Malta publishes Alternative Dispute Resolution Directive

The authority posted the directive on its website. Credits: MGA

The gaming authority published a directive in which it urges B2C licensees to comply with procedures.

Malta.- The Malta Gaming Authority (MGA) has issued the Alternative Dispute Resolution (ADR) Directive, in which it requires that B2C licensees must make readily available to players the applicable procedures for making a complaint to them and for referring a complaint to an ADR entity.

The MGA explained that the Directive is intended to provide additional guidance to B2C licensees as to the nature of the ADR entity which B2C licensees must refer players to, and details as to the specific information which must be notified to the MGA.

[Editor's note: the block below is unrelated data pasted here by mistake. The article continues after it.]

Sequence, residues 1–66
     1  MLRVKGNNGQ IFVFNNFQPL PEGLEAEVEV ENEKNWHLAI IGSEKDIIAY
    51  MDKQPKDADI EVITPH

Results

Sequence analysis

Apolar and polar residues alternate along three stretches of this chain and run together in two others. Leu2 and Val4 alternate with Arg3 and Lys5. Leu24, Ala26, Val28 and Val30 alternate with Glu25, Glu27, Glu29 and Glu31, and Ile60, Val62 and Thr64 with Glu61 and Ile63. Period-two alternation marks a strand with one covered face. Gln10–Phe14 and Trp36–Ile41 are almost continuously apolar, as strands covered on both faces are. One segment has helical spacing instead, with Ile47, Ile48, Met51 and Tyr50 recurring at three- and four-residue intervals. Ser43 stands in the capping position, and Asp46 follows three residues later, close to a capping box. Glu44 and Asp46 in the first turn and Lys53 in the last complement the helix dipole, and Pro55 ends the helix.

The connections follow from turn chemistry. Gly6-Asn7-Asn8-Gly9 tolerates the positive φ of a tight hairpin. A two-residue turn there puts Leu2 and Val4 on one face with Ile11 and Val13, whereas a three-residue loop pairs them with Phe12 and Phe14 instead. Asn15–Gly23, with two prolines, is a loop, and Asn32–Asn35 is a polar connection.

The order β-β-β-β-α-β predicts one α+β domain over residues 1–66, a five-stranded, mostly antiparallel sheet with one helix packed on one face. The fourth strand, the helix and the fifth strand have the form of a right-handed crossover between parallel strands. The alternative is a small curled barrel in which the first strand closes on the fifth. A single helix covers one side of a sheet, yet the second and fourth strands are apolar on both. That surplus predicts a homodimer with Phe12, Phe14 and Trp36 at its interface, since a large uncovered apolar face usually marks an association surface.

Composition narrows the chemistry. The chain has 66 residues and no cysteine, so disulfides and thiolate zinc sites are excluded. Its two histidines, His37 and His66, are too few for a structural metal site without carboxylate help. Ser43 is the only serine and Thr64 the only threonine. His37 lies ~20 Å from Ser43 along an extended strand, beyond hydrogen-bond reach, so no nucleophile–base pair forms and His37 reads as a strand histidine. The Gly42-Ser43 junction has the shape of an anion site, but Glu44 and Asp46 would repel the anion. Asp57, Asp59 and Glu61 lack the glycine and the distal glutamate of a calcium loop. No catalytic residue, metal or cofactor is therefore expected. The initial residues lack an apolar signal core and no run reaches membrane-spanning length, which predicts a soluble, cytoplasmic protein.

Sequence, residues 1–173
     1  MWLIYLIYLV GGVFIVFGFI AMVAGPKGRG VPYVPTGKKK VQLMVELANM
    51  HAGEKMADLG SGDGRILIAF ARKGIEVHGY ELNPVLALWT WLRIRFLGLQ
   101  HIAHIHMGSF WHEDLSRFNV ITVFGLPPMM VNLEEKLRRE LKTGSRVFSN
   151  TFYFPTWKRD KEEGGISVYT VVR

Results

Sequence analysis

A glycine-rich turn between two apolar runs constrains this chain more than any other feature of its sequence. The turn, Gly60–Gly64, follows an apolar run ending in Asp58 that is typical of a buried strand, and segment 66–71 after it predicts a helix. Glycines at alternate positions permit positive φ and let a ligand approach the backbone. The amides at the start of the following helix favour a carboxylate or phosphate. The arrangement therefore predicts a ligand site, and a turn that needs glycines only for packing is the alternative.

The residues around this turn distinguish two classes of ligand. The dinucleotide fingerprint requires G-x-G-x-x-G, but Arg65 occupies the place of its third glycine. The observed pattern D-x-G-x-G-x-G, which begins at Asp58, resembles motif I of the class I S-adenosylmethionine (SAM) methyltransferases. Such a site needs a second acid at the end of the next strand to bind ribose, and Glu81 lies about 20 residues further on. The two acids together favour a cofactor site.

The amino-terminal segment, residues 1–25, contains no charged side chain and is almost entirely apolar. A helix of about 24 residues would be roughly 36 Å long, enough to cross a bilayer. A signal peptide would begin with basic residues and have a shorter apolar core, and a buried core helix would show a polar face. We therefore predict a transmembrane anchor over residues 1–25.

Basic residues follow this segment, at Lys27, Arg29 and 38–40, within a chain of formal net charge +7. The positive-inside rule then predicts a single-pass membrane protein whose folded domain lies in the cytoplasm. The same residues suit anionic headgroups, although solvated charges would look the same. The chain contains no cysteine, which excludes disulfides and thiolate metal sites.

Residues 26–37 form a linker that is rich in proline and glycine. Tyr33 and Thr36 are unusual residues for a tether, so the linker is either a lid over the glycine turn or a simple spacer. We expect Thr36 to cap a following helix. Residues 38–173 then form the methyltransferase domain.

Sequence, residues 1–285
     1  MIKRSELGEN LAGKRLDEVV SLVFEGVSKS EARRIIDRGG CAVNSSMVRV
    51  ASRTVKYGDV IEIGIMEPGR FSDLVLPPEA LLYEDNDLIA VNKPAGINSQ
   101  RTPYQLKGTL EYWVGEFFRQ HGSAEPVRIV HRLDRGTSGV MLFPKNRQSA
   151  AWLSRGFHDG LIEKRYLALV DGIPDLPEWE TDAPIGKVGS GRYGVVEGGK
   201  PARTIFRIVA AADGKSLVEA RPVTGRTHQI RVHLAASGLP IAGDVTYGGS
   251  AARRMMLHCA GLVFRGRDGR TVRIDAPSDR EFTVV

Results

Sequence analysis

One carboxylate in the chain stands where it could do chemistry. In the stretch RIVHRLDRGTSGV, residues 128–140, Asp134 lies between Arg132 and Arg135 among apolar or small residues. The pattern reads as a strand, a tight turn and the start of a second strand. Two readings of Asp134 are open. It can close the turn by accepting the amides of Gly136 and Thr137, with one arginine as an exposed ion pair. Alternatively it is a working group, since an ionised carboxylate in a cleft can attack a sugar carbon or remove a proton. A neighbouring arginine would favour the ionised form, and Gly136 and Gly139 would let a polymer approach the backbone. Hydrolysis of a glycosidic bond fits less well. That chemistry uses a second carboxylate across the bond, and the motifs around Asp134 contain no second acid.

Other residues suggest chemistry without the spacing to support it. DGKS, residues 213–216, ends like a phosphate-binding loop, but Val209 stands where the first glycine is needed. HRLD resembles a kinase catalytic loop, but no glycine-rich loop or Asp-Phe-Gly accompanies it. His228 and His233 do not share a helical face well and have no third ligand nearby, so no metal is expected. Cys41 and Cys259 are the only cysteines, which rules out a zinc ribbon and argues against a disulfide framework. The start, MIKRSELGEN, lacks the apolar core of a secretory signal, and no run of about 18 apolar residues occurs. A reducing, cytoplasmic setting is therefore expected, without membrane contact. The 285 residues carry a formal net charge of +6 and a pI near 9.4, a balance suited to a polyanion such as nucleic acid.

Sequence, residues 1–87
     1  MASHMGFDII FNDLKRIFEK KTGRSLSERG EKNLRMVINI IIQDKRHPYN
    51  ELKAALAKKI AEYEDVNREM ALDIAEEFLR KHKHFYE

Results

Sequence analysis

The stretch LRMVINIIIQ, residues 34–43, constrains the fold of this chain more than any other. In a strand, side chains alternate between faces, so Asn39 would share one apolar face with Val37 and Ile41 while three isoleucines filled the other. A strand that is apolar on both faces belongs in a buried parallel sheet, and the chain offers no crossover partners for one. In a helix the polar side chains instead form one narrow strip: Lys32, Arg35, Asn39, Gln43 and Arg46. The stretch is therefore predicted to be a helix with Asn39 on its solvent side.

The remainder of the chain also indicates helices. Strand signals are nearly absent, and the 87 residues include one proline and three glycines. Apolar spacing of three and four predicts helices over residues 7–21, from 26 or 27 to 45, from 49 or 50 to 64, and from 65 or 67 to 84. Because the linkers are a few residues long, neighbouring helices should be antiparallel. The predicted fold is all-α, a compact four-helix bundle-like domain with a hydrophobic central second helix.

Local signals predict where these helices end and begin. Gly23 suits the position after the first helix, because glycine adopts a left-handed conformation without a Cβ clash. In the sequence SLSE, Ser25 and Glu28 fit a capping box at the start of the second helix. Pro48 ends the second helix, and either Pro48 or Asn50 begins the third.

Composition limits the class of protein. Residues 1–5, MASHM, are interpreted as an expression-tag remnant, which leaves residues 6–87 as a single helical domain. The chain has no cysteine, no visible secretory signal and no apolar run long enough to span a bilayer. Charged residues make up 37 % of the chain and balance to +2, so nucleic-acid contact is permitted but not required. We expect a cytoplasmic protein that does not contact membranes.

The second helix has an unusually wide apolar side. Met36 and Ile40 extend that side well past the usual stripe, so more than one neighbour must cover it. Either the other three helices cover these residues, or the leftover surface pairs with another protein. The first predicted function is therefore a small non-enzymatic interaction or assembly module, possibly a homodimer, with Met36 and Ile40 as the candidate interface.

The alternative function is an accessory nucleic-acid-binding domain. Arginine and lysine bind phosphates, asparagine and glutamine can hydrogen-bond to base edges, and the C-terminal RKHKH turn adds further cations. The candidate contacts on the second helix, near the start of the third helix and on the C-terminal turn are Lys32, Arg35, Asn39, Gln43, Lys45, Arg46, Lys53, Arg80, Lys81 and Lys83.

The authority said that those who have not yet informed the MGA as to which ADR entity they have entered into an agreement with are to do so as soon as possible. The MGA will be distinguishing between players’ complaints and disputes.

As of April 1, 2019, the MGA’s Player Support Unit will no longer be delving into the merits of a dispute between a player and a B2C licensee, since this function is reserved for the relevant ADR entity. Disputes are understood to be a disagreement between a player and the MGA B2C licensee with which that player is registered.

However, the Player Support Unit will be open to receiving complaints from any individuals. Complaints are understood to be a report by any individual that any aspect of the provision of the gaming service by an MGA licensee is unlawful, or conducted in a manner which is not safe, fair, or transparent. In the event that the Player Support Unit receives a dispute which also includes a complaint, the Unit will be examining the complaint independently of the ADR entity, as part of its compliance functions.

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